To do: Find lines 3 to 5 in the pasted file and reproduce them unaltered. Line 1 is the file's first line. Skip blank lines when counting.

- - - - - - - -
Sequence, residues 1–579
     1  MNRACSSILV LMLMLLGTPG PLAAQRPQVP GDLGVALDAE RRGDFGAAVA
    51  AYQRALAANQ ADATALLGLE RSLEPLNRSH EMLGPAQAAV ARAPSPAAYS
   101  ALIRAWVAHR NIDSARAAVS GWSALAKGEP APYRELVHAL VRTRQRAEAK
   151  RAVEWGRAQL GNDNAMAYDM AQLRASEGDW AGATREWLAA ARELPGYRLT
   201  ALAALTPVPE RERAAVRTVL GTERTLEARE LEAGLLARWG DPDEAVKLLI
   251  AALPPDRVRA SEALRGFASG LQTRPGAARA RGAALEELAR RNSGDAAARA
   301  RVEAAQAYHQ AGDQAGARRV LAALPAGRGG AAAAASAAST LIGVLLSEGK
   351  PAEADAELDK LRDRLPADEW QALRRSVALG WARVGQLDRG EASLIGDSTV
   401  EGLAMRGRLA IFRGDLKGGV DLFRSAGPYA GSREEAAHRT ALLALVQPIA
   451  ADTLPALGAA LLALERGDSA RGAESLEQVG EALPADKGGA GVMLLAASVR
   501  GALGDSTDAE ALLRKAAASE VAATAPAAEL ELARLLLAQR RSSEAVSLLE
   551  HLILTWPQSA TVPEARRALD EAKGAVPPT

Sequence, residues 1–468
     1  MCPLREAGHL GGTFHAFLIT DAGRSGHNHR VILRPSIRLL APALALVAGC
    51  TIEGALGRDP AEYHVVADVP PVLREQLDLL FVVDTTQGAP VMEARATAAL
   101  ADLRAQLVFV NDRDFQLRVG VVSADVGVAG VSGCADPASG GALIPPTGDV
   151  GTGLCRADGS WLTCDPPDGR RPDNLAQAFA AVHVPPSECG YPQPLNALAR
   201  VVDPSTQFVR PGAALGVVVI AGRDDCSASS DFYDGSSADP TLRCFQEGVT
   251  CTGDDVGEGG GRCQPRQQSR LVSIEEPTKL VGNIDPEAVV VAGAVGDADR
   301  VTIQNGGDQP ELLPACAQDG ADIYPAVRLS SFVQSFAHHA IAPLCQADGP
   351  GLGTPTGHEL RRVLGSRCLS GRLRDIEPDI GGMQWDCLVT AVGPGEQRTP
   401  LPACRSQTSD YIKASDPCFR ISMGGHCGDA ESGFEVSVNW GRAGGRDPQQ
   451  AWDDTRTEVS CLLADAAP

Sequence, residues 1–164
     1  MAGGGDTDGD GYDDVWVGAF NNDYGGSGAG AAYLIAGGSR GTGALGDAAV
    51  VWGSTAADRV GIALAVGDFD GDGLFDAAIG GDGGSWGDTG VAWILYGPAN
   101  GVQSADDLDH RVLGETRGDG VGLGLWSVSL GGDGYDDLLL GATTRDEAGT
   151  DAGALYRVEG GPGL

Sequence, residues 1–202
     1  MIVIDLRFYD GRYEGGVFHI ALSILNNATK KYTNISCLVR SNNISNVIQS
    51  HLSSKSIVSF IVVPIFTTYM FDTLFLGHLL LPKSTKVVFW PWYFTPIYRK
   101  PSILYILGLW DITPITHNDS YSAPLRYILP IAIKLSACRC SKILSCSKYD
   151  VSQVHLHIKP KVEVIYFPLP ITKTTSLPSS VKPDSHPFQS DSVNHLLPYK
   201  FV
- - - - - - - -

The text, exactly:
    51  AYQRALAANQ ADATALLGLE RSLEPLNRSH EMLGPAQAAV ARAPSPAAYS
   101  ALIRAWVAHR NIDSARAAVS GWSALAKGEP APYRELVHAL VRTRQRAEAK
   151  RAVEWGRAQL GNDNAMAYDM AQLRASEGDW AGATREWLAA ARELPGYRLT